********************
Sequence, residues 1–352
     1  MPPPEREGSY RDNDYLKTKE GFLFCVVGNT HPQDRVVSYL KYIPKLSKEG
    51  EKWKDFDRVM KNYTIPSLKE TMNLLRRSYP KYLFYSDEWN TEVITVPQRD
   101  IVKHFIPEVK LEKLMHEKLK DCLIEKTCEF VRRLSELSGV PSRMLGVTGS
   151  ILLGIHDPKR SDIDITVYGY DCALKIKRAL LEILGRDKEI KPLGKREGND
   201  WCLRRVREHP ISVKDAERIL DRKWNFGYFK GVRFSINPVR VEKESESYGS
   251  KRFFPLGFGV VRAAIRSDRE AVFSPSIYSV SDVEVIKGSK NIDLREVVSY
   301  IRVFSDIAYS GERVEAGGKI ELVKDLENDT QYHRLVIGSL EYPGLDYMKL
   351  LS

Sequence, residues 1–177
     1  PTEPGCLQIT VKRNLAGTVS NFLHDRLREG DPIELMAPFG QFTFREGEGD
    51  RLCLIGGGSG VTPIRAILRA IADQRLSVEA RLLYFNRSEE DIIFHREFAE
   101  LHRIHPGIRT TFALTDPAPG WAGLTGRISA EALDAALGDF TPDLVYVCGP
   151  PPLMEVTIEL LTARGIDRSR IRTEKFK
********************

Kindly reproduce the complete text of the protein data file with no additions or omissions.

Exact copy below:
Sequence, residues 1–352
     1  MPPPEREGSY RDNDYLKTKE GFLFCVVGNT HPQDRVVSYL KYIPKLSKEG
    51  EKWKDFDRVM KNYTIPSLKE TMNLLRRSYP KYLFYSDEWN TEVITVPQRD
   101  IVKHFIPEVK LEKLMHEKLK DCLIEKTCEF VRRLSELSGV PSRMLGVTGS
   151  ILLGIHDPKR SDIDITVYGY DCALKIKRAL LEILGRDKEI KPLGKREGND
   201  WCLRRVREHP ISVKDAERIL DRKWNFGYFK GVRFSINPVR VEKESESYGS
   251  KRFFPLGFGV VRAAIRSDRE AVFSPSIYSV SDVEVIKGSK NIDLREVVSY
   301  IRVFSDIAYS GERVEAGGKI ELVKDLENDT QYHRLVIGSL EYPGLDYMKL
   351  LS

Sequence, residues 1–177
     1  PTEPGCLQIT VKRNLAGTVS NFLHDRLREG DPIELMAPFG QFTFREGEGD
    51  RLCLIGGGSG VTPIRAILRA IADQRLSVEA RLLYFNRSEE DIIFHREFAE
   101  LHRIHPGIRT TFALTDPAPG WAGLTGRISA EALDAALGDF TPDLVYVCGP
   151  PPLMEVTIEL LTARGIDRSR IRTEKFK